Ultimately, the so-called PTLDS cannot yet be defined as a disease entity due to inconsistent data.

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The host immune response to Norrelia infection:

Despite the expression of CRASPs and antigenic variation in B. burgdorferi surface lipoproteins that allow the bacterium to evade host immune defenses, B. burgdorferi is still recognized and killed by both innate and adaptive immune responses. Since B. burgdorferi does not produce toxins or extracellular matrix-degrading proteases, most manifestations of human Lyme borreliosis in each of the three disease stages are due to inflammation triggered by these immune responses.

In stage 1, erythema migrans, biopsies taken in the first days of infection show papillary skin edema and a mixed infiltrate consisting predominantly of T cells, neutrophils, dendritic cells and monocytes or macrophages (Duray PH 1989). Cytokine expression at this stage is predominantly pro-inflammatory and includes elevated levels of tumor necrosis factor(TNFalpha), interleukin-2, interleukin-6 and type I interferons (IFN). Levels of chemokines that attract neutrophils (e.g. CXC chemokine ligand 1(CXCL1 - also known as growth-regulated alpha protein), macrophages (e.g. CC chemokine ligand 3(CCL3) and CCL4) and T cells (e.g. CXCL9, CXCL10 and CXCL11) are also elevated in erythema migrans lesions.

In both animal and human studies, neutrophil granulocytes, which are highly effective in killing B. burgdorferi, are no longer detectable after 24 hours, while T cells, dendritic cells and monocytes are still present (Müllegger RR et al. 2000). In animals expressing artificially elevated levels of the neutrophil chemoattractant KC, B. burgdorferi is rapidly cleared after inoculation into the dermis. This suggests that the disappearance of neutrophils is important to establish the infection (Xu Q et al. 2007). Complement also plays an early role in controlling infection, probably by enhancing phagocytosis and opsonization via the classical pathway. As erythema migrans lesions develop over days, dense perivascular and interstitial infiltrates consisting of lymphocytes, plasma cells and occasionally mast cells develop. The anti-inflammatory cytokine interleukin-10 can be found in these lesions (Sjöwall J et al. 2011). In animals, IL-10 deficiency is associated with increased inflammation and reduced numbers of B. burgdorferi, suggesting that while induction of IL-10 may result in reduced inflammation and tissue damage, it may enable B. burgdorferi to escape the immune system.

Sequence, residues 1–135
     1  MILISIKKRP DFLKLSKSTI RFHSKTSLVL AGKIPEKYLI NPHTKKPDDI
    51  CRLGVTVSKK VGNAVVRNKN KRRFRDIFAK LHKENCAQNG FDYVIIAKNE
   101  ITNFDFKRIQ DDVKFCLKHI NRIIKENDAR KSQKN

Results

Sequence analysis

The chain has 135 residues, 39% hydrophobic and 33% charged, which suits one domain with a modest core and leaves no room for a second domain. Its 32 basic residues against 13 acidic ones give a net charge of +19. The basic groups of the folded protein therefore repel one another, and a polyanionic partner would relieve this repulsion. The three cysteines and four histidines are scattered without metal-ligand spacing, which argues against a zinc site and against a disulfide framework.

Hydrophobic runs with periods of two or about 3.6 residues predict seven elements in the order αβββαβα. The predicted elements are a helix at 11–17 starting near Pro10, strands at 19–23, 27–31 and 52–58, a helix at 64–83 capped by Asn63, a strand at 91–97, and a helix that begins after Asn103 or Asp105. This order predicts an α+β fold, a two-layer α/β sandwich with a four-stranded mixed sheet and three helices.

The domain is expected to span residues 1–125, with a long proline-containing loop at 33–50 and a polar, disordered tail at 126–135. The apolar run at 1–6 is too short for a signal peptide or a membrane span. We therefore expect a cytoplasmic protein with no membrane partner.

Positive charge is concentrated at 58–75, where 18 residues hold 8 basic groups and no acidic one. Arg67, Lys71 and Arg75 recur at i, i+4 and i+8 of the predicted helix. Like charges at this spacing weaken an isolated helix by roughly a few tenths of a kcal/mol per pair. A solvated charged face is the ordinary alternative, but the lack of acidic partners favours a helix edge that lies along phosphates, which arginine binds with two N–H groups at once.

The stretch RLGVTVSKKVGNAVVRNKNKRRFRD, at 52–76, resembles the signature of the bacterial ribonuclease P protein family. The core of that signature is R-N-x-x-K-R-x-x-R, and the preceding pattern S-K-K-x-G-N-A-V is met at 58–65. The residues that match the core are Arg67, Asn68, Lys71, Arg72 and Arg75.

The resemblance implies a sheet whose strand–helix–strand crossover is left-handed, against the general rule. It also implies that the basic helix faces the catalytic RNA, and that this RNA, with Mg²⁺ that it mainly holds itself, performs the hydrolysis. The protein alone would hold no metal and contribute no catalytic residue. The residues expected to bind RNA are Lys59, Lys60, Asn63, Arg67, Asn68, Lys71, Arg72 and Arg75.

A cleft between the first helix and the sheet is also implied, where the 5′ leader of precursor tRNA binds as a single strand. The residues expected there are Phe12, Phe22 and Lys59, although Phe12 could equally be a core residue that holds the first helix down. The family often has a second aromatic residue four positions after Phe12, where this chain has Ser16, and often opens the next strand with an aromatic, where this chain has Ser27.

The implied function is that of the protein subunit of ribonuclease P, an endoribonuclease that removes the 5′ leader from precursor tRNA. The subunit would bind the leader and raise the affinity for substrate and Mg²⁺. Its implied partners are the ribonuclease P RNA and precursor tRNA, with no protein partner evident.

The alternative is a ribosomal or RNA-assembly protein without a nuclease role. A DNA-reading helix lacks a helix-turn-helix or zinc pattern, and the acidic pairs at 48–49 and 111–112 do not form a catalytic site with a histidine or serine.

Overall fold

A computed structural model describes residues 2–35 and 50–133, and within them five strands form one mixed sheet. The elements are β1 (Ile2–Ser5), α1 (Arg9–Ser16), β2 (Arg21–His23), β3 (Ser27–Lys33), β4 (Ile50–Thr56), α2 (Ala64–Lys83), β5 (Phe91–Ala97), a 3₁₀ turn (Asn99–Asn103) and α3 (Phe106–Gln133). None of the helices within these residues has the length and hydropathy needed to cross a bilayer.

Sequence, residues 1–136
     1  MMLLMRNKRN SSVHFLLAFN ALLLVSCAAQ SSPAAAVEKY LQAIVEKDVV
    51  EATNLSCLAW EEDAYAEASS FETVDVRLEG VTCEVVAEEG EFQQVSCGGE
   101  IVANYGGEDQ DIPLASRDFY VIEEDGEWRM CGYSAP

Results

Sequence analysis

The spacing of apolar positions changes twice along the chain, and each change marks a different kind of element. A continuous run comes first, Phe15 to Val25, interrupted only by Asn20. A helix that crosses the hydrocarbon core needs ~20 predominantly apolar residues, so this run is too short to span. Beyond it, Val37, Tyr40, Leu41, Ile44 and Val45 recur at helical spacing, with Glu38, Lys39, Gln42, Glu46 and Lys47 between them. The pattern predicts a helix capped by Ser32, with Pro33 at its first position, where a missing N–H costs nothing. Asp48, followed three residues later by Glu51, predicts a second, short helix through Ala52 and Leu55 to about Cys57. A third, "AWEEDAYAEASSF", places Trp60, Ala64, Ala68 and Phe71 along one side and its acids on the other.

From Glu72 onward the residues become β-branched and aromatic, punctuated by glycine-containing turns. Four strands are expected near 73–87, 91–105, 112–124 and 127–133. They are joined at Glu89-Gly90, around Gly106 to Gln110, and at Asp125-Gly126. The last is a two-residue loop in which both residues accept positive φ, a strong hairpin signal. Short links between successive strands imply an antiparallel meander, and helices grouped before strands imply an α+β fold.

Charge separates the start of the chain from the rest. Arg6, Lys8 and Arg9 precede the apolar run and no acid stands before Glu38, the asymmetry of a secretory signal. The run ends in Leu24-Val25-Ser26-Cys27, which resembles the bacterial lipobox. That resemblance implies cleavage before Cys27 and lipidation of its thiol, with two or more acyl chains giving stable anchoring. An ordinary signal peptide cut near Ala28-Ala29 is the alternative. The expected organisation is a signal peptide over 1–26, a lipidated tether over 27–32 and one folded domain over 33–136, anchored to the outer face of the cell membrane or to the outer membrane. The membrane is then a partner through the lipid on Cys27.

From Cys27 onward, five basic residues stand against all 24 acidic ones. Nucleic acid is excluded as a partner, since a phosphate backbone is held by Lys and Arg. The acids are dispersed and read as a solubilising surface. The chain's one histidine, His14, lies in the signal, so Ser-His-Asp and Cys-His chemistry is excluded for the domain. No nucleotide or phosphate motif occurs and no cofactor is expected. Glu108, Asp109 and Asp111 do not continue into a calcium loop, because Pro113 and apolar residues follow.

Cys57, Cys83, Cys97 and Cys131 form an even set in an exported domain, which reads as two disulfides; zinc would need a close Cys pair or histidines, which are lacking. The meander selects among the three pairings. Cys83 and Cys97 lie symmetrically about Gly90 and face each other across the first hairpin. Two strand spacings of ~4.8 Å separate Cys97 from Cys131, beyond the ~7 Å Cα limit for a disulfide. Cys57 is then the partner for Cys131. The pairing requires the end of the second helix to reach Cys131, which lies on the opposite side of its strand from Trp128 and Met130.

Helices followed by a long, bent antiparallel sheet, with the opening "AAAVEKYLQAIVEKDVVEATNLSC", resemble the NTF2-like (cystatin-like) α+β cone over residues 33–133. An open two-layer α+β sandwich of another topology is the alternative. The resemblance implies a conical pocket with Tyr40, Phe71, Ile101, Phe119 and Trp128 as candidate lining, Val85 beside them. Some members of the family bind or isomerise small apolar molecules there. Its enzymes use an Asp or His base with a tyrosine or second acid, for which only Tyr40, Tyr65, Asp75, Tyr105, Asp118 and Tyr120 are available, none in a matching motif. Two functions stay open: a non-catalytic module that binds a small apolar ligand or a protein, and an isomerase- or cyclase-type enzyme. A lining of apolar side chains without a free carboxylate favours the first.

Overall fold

B cells are crucial for the control of infection. In the spleen, marginal zone B cells produce antibodies against T cell-independent antigens and are a source of B. burgdorferi-specific IgM antibodies in stage 1 disease (Oliver AM et al. 1997). The subsequent development of B. burgdorferi-specific IgG antibodies correlates with a reduction in spirochete numbers in mice. Passively administered IgG antibodies can prevent the establishment of infection in animal models.

Within a few weeks to months, innate and adaptive immune mechanisms can reduce bacterial numbers to such an extent that the systemic symptoms of Lyme borreliosis are reduced even without antibiotic treatment. Spirochaetes can survive in local niches for several years in untreated patients, which can lead to persistent symptoms in some cases. In humans, however, all inflammatory manifestations of the disease, with the possible exception of acrodermatitis chronica atrophicans, eventually resolve without antibiotic therapy.

Wild B. burgdorferi reservoirs, such as mice, do not develop infection-related pathology despite lifelong persistence of the bacteria. This finding suggests that their immune system has evolved to "ignore" the presence of the organism, which, since the bacteria do not produce toxins or degradative factors, poses less of a threat than continued activation of the immune system. In humans, who are not reservoir hosts, the bacteria may evade eradication for months or years in localized niches, but are eliminated more efficiently over time.